Beware of any literature that starts with these words: "Jesus was the greatest leader of all time." The sentiment behind those words may be true, but the point they make is irrelevant. It doesn't matter if Jesus was the greatest leader of all time. Jesus is our leader (and, in a holy sense, we're stuck with him).
The issue at hand is far from nit-picky. Evangelicals have long been accused of domesticating Jesus - making him one of "us" (often white, middle-class, socially respectable, and politically conservative). The glut of Jesus-as-leader books runs a tremendous risk as it attempts to introduce Jesus into the economy that surrounds 21st century leadership.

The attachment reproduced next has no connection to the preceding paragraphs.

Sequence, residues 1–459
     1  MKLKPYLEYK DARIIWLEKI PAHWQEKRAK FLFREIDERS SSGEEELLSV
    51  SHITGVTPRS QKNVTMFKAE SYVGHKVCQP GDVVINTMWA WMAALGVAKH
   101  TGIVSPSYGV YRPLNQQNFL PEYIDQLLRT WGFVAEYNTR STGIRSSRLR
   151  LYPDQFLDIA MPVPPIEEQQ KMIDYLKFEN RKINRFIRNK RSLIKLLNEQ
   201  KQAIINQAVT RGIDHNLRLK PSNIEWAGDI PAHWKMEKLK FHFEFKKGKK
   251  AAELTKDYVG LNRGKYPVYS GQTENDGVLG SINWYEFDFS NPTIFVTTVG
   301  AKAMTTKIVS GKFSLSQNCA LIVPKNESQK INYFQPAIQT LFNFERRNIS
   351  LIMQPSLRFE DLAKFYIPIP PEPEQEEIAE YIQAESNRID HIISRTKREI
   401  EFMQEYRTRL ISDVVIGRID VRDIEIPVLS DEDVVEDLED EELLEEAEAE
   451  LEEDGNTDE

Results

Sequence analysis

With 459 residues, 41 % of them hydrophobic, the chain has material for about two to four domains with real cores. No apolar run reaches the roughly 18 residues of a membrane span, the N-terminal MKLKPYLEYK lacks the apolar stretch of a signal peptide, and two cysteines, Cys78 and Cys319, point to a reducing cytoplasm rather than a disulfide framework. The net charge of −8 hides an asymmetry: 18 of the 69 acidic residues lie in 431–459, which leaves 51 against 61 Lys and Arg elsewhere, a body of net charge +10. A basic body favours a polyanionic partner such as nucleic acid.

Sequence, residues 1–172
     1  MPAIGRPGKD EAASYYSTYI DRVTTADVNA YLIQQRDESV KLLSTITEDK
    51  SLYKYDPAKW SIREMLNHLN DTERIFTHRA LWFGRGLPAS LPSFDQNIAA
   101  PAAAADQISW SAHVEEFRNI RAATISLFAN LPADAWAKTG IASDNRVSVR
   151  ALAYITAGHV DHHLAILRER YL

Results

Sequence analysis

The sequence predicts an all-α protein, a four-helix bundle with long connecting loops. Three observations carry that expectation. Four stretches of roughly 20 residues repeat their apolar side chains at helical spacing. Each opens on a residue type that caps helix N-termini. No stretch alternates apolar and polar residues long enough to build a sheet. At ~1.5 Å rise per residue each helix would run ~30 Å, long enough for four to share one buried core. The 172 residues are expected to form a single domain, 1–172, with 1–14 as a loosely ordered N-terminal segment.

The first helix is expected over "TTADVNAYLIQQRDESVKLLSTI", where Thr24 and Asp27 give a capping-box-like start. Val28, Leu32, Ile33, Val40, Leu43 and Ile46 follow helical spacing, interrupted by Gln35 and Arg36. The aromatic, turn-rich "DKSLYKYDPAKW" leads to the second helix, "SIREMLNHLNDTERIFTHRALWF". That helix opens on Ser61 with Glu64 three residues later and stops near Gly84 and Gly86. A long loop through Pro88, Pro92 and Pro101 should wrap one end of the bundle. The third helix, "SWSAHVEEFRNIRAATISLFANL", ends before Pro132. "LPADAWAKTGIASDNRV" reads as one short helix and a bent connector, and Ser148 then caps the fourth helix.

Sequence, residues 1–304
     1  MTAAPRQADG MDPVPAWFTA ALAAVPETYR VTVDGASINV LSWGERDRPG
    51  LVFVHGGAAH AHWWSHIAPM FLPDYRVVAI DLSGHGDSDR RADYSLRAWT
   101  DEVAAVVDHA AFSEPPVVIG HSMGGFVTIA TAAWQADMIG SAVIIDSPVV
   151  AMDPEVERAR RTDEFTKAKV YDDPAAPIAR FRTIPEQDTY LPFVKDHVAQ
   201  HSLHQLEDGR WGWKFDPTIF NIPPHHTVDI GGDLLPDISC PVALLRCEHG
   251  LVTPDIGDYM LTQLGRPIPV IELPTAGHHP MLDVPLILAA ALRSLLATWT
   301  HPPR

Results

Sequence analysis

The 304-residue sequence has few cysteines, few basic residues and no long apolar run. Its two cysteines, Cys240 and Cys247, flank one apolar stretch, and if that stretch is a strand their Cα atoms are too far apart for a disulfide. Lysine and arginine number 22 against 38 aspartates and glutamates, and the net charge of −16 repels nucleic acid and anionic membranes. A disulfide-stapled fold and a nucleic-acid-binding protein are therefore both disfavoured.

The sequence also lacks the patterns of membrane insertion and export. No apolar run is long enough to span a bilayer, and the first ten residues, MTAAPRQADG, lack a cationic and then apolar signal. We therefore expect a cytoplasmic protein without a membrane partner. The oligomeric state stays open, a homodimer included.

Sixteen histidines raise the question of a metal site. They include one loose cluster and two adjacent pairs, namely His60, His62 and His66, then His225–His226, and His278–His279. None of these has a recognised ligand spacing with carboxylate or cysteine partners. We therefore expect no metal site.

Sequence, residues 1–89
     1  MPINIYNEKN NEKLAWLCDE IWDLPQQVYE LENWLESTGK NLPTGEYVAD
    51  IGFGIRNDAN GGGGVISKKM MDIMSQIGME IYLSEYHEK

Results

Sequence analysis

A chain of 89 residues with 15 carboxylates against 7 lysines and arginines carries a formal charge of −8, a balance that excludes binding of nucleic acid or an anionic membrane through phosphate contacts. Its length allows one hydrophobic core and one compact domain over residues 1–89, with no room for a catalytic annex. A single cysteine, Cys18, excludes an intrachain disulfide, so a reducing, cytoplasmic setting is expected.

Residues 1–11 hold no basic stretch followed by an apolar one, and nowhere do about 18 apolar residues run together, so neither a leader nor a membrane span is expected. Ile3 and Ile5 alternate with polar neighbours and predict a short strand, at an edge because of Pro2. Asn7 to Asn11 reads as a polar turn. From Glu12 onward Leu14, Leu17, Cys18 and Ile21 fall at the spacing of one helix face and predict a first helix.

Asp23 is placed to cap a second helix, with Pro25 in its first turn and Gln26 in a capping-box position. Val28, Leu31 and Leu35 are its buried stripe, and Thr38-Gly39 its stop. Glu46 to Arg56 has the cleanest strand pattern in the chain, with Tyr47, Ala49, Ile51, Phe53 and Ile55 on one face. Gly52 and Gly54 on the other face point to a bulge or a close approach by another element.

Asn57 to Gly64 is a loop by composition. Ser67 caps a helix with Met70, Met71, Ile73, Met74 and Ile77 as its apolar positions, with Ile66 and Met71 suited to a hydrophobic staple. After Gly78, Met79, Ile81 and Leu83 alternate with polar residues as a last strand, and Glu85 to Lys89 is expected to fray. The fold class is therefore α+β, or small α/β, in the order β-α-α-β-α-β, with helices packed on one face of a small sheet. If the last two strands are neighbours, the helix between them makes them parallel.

Jesus the leader endangers our view of Jesus the savior. Frankly, Jesus the leader is less threatening. He's an organizational director that would fit in wearing business casual and sitting in a conference room. I believe wholeheartedly that Jesus wants to control how I behave, think, and lead in when I'm in the conference room, but I don't have much confidence in Jesus as the teacher of strategic leadership lessons.
I'd like to get back to Jesus the savior, the one who sends the Holy Spirit to lead us. I'd like to bring the Jesus-as-leader genre of books along with me. I have a number of such books on my shelf right now. Several of them misrepresent Jesus the Messiah as Jesus the executive director; the others more or less get him right.
The major problem with the books that get him wrong occurs in the area of interpretation. Take John 10:10, Jesus saying, "I came that they might have life and have it abundantly." Let's evaluate the reflection on that verse published in Jesus, CEO: Using Ancient Wisdom for Visionary Leadership:
Many times leaders and managers expect ...